Gary Weissel: Sure. I mean, in terms of actual implemented enhancements, I don't know that we've seen much beyond some airlines going with more onboard hand sanitizer stations when you talk about something being permanently mounted, let's say, in the cabin. I think there's been a lot of implementation and further interest in touchless technology enhancements for both the crew and passenger interface. There have been touchless technology out there for lavatory faucets. Now we're starting to see people promoting a completely touchless lavatory being one of the areas on the airplane where kind of the COVID transmittal could happen from touching, so touchless flushing, touchless lights.
Gary Weissel: We're seeing a little bit more focus on surface materials, incorporating antimicrobial properties for seat backs even fabric and/or leather and all the touch points around the chairs and the seat-back tray tables. We have seen some, a lot of market presentations around cabin air ionization and additional cabin cleaning, but we haven't really seen a lot of that take hold. And then again, like you said, just a lot of these isolation things where we really don't see them as being as really having any legs because first of all, the airlines don't have any money to spend. And secondly, they're not willing to spend what little they can come up with for a solution that may be obsolete very quickly.
Linda Blachly: And what about passenger confidence? Have you seen any improvement in passenger confidence since the airlines have been slowly returning to the skies?
Gary Weissel: Yeah, we think we have. So IATA did a couple of really interesting things. They've been continuing to do this I think even since April, when this whole thing started, doing significantly large passenger surveys where they're looking at talking to over 5,000 total participants around the world in multiple countries, kind of a 50/50 business/leisure split. And on the last set of data that came out, I think in August, there was a little bit of an uptick on small percentage points, but at least going in the right direction for people kind of willing to travel now or being willing to travel in a couple of months. So that's really good. I think the industry in general has done a phenomenal job, at least the airline industry and the OEMs at helping passengers overcome the concern of, "Gee, I'm going to catch COVID on an airplane."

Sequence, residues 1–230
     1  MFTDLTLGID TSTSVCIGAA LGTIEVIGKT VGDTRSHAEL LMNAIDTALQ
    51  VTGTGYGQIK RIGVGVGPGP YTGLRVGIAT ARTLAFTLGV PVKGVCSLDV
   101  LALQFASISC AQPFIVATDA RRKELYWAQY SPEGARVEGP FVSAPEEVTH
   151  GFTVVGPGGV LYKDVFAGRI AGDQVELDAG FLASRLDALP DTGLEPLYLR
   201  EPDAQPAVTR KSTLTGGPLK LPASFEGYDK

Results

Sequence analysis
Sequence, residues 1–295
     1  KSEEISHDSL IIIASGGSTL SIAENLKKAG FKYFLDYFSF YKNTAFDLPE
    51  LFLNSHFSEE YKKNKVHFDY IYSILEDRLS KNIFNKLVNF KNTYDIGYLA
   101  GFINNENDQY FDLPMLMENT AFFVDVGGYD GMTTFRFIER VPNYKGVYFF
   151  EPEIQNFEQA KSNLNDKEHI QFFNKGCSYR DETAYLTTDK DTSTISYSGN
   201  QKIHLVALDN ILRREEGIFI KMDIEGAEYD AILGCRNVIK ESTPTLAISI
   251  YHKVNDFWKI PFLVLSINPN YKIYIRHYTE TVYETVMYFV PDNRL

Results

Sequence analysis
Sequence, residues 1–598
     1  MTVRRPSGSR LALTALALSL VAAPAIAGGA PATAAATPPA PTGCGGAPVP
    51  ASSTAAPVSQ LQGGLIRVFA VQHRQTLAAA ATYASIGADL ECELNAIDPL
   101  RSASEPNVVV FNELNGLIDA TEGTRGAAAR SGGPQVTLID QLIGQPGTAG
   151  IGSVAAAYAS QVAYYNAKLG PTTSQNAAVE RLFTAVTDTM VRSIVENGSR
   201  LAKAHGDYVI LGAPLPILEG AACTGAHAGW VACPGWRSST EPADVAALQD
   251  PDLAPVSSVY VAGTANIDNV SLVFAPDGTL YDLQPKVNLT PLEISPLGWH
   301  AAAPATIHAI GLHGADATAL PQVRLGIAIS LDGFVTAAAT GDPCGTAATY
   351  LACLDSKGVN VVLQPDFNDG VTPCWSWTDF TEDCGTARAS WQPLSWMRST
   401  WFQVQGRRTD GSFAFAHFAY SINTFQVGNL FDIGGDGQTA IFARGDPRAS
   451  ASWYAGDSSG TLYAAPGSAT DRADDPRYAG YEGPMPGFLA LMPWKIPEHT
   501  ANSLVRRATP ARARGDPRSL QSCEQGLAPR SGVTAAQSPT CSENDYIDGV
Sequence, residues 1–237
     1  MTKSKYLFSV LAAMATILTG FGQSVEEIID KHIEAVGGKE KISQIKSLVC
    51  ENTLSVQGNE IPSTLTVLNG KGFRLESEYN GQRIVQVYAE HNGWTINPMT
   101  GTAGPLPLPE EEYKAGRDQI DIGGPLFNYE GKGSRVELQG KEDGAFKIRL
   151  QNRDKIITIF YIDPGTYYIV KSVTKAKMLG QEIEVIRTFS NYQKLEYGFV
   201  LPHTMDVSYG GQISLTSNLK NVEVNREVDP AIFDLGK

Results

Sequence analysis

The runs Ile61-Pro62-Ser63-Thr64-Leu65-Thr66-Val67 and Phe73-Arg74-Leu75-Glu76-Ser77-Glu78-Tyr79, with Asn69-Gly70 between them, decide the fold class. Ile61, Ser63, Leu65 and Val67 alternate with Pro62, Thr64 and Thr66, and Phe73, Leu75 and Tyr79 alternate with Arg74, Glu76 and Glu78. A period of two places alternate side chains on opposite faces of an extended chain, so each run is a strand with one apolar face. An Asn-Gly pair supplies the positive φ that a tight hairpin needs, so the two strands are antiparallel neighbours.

Gary Weissel: And I thought, just because of everything that's going on in the airplane, I thought it was really interesting in the latest IATA study that they just put out the results of the survey that came out just within the last couple of weeks, that actually the fear of catching COVID on a plane, it was number seven in the list of total items. And people not flying was really more driven by quarantine requirements, their concern of catching COVID while they're away from home, travel disruptions. They don't have a reason to travel. Things at their destination won't be open. Or they're concerned about having to eat out while they're traveling and hotels. And really the airplane itself, which maybe in the very beginning was number one, has really dropped down. In terms of, I think the industry has done a really good job with getting us there.
Linda Blachly: And how long do you predict it will take the interiors market to recover after this pandemic?
Gary Weissel: Yeah, I mean, we're really looking I think at probably four to five years until we start to see significant spend returning to interior retrofit. Again, we had about a 65% drop this year. We're still seeing, that's probably going to roll into next year where we maybe have 64%, 65%. Overall we're looking at the market having shrunk about 50% over the next five years. And even the spend in 2025 talking retrofits is still down probably about 15% to 20% below what the forecasted spend was for this year. So again, really the market has to come back both domestic and international. The airlines have to refill their coffers and kind of dig out of this hole that they've got themselves in, have multiple quarters of profits before they're willing to really start to turn around and address, get back to kind of where we were last year with these really large interior retrofit programs.
Gary Weissel: The problem is modifications on the interior in general are discretionary. So if you don't have discretionary funding, you're not going to be able to do these large interior retrofit programs that truly drive, the big ones are really the ones that drive the size of this market.
Linda Blachly: All right. That's really great information, Gary. And we really appreciate you taking the time to join us today and for your great insights. This is Linda Blachly reporting for Air Transport World Aviation Week Network, and have a great day.
Gary Weissel: Thank you.